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Interning at the Marshlands Conservancy. by Sean Sandell

December 16, 2018
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    Sign at front entrance of the Marshlands where Sean interned

During the summer of 2018 most of my time was spent at the Marshlands Conservancy in Rye, NY. I was assistant to the curator of the conservancy, most of my duties dealt with the daily maintenance of the 147-acres of the wildlife sanctuary. The Marshlands Conservancy is composed of many diverse habitats, it is composed of forest, meadow, and salt marsh shore. There is half a mile long of shoreline along the Long Island Sound. Since the Marshlands is located along Atlantic migratory flyway it is also a great place to go for birdwatching, there have been more than 230 bird species sighted at the Marshlands. The Marshlands Conservancy is a great place for recreational purposes or to do some research and study its diverse habitat.

I was already familiar with the Marshlands Conservancy before interning there, I have been visiting for the past few years (before I started my time at SUNY Purchase) where I would walk the trails and enjoy the scenery it had to offer. I became such a “regular­” at the Marshlands that I asked if I could help and work there. During my first week I had to remove an old culvert pipe that was lying next to part of the trail, luckily, I didn’t have to remove the six feet of pipe by myself, there were kids from Rye High School at the Marshlands who were volunteering for school. About five of us picked up the pipe and started carrying it back to the building (while carrying the pipe it tore a whole in the bottom of my shirt) which is located at the front of the trail. After we got back to the building and put the culvert pipe down my shirt was covered in rust and dirt, but it felt invigorating to do manual labor. 90% of my job consisted of some sort of manual labor. Every day I walked the three miles of trails that ran through the Marshlands to see if there was any debris blocking the trails, or if the trails needed to be realigned. I would also, pick up trash and debris that wash ashore from the Long Island Sound, cutting back overgrown plants that are over the trail borders, removing invasive plant species, putting up caution tape around wasps’ nests, and occasionally giving directions to newcomers to the Marshlands. Most of my time was spent working alone at the Marshlands, it was peaceful, a few times I would work with the curator and volunteers who came to the Marshlands.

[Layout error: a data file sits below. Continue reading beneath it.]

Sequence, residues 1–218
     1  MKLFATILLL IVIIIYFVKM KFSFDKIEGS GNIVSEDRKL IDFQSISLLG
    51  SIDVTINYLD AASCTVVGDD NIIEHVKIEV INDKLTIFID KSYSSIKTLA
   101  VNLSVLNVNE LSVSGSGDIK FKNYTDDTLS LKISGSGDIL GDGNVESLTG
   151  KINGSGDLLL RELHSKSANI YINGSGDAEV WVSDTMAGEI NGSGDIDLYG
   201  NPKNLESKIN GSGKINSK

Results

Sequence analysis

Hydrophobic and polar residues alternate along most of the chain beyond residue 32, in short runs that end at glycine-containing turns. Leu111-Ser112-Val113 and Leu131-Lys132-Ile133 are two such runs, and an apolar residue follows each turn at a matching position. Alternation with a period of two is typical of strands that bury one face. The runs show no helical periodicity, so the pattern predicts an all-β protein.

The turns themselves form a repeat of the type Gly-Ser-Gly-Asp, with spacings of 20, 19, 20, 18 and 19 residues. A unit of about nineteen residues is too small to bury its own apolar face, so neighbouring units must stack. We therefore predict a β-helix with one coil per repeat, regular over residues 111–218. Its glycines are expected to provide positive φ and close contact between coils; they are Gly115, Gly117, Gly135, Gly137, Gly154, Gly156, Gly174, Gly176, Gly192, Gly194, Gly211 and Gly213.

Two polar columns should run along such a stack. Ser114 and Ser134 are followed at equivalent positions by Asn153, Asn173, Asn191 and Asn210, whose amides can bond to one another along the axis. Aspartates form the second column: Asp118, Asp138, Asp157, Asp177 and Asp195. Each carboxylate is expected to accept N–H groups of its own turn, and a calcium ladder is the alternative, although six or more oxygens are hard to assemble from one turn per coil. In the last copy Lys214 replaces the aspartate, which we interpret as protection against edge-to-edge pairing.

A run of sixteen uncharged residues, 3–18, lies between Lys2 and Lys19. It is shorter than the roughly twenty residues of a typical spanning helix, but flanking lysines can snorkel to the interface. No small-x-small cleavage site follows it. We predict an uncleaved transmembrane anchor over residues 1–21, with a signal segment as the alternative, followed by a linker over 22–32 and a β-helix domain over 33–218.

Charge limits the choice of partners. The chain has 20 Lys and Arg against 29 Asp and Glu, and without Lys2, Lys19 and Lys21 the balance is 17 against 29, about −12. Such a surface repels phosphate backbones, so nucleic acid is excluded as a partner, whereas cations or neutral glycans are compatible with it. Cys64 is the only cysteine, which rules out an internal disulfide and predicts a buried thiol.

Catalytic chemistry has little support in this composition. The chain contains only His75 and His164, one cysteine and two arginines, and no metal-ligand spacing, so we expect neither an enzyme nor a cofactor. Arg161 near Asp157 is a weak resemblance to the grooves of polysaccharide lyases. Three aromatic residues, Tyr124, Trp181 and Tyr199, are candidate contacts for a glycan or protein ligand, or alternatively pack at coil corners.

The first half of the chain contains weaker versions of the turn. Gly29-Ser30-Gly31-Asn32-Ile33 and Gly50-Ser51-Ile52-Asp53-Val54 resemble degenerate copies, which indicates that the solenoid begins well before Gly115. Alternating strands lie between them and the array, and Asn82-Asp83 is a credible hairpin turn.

By the end of my internship at the Marshlands Conservancy I knew the Marshlands like the back of my hand. I learned so much about removing invasive plants and how proper trail maintenance is conducted. I still go to the Marshlands and work there and I always see something new or different every time I walk those trails. This experience has made me realize why I went into the field of Environmental Studies, I love being out in the field and being an ecologist.